Native communities also prove that we naturally have sustainability practices ingrained in us when it comes to food and resource management. The biology scholar mentioned that he observed indigenous methods of mitigation and adaptation that could contribute to climate action. “Indigenous communities in various regions practice agroforestry, combining trees with crops to enhance soil fertility, conserve water, and sequester carbon,” said Dr. Koimbori.

He added that the native community he worked with also demonstrated safety and sustainable fishing practices. “Additionally, traditional fire management techniques, like controlled burns, help maintain ecosystem health. Furthermore, indigenous knowledge systems inform sustainable fishing practices that ensure the resilience of aquatic ecosystems amidst climate impacts.” One quality that stands out in the natives’ practices is their moderation when using resources and mindful restoration techniques.

When it comes to climate action, policymakers should appreciate the need to include native communities in the discussion. Integrating indigenous peoples’ knowledge into formal climate action strategies not only enhances their effectiveness but also promotes environmental justice and cultural preservation. “It is crucial to engage indigenous communities as active partners in decision-making processes, respecting their rights, traditional governance systems, and land tenure arrangements,” said Dr. Koimbori. Adding on the importance of observing the native communities’ existing structures and knowledge, he continued, “Moreover, acknowledging and valuing indigenous knowledge systems can foster social cohesion and empower marginalized communities to take ownership of climate resilience efforts.”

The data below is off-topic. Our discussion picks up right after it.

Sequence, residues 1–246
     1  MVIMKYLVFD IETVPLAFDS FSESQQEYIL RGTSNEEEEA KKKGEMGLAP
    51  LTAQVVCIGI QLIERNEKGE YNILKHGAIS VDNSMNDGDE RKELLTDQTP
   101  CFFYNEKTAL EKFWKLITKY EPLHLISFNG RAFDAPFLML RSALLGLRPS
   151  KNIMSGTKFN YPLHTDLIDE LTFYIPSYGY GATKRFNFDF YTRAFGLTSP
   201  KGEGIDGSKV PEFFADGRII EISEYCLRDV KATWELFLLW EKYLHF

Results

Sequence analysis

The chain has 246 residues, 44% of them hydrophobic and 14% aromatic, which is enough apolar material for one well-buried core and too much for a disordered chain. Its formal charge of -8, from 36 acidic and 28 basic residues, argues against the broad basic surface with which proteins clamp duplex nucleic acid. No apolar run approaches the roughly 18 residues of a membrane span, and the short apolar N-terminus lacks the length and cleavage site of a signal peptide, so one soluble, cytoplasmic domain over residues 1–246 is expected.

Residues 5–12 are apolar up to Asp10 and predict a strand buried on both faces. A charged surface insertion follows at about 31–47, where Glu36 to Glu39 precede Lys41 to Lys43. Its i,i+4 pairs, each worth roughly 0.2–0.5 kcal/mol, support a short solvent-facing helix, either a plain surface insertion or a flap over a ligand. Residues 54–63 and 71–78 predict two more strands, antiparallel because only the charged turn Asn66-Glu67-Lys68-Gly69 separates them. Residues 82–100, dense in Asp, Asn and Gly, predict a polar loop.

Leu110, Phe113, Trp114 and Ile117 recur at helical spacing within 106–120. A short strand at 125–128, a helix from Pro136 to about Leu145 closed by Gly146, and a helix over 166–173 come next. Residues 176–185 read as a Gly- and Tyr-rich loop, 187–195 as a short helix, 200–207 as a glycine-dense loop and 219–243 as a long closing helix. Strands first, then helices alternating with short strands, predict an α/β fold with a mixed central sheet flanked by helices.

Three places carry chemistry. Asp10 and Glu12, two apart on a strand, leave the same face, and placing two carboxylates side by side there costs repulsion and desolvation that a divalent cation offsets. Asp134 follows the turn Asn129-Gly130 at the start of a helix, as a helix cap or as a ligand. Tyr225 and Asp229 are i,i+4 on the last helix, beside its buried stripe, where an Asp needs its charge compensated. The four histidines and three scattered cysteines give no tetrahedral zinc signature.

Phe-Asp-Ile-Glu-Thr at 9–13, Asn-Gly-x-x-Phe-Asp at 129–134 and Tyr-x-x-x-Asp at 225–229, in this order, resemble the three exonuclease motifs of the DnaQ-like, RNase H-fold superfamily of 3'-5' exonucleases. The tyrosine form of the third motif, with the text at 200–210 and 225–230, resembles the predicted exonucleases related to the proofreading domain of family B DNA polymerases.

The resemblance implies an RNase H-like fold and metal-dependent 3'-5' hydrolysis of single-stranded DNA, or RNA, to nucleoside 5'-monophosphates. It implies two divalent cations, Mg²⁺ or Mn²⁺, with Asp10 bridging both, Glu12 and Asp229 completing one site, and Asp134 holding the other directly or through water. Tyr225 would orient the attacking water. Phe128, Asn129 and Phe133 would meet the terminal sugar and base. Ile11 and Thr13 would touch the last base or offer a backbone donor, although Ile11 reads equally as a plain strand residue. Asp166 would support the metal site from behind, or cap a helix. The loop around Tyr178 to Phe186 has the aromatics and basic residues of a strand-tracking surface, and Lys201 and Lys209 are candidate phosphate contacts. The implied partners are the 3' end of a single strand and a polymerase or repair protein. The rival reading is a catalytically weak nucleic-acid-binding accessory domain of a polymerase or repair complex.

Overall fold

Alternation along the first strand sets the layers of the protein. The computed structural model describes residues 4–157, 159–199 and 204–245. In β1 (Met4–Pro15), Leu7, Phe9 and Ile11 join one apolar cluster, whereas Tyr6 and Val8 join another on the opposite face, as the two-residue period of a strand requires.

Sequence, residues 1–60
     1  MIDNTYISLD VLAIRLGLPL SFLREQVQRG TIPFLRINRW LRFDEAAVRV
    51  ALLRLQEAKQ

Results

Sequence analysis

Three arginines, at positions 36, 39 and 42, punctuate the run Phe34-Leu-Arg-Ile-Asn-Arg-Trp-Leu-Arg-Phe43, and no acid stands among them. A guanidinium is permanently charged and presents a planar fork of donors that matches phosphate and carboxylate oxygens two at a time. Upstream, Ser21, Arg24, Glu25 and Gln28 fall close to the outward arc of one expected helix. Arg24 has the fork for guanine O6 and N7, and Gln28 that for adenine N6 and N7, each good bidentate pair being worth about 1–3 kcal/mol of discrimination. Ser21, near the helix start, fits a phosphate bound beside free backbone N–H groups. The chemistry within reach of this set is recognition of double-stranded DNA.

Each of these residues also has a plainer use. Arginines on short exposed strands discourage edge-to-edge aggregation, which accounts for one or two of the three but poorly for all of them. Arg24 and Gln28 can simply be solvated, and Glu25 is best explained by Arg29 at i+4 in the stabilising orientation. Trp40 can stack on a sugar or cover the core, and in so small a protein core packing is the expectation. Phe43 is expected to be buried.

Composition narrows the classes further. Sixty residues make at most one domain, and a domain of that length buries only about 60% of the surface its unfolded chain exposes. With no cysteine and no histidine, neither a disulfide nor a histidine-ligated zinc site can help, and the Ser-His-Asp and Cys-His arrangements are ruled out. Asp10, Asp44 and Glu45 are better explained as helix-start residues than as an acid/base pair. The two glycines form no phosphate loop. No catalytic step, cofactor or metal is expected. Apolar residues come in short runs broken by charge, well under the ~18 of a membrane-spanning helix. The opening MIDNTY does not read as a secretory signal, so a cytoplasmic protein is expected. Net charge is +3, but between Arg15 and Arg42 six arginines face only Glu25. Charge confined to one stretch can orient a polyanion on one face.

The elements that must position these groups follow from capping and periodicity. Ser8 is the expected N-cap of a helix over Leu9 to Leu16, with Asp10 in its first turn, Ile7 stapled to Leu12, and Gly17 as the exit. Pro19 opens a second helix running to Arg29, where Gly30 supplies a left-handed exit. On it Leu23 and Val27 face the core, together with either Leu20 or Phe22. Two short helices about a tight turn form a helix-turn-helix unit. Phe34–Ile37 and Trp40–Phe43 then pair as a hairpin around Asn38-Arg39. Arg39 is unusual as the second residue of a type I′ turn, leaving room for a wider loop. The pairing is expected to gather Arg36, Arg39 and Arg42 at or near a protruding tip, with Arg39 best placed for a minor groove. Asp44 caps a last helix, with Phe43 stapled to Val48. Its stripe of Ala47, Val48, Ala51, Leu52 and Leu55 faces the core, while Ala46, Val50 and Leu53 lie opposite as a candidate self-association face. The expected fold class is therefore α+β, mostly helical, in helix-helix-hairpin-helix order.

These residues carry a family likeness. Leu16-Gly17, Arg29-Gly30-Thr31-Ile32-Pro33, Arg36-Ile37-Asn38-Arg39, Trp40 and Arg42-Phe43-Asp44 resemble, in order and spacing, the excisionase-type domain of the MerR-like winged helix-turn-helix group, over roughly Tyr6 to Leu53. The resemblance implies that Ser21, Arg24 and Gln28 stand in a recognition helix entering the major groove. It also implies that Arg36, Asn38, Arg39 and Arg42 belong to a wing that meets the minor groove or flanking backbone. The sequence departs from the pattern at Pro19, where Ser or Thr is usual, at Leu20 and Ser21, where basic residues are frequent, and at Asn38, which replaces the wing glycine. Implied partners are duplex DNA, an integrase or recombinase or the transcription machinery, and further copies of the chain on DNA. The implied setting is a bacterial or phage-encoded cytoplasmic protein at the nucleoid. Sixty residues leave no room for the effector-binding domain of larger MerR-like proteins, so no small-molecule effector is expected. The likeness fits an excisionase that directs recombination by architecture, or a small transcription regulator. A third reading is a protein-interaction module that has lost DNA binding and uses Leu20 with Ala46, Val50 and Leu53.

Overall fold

Native communities in Kenya and Africa can set a good example for city residents in cutting down on consumption and waste. Taking what is just enough for us can contribute to a healthier environment and stable food production, reducing the 40% of food lost in Kenya annually in the journey from the farm to our dinner tables, according to a Food & Agriculture Organization (FAO) report.

In conclusion, policymakers must prioritize inclusive approaches that bridge traditional and scientific knowledge systems, facilitating meaningful dialogue and collaboration. By recognizing and incorporating these indigenous approaches into climate policies and adaptation strategies, we can promote ecological resilience, safeguard cultural heritage, and advance climate justice on a global scale. Additionally, investing in capacity-building and knowledge exchange programs that empower indigenous people to actively participate in climate action initiatives is essential for long-term success. Ultimately, integrating indigenous knowledge into formal climate action strategies is not only a matter of environmental sustainability but also of social equity and cultural respect.

By Absalom Mulama, Communications Assistant at KEPSA, for Sustainable Inclusive Business-Kenya (SIB-K).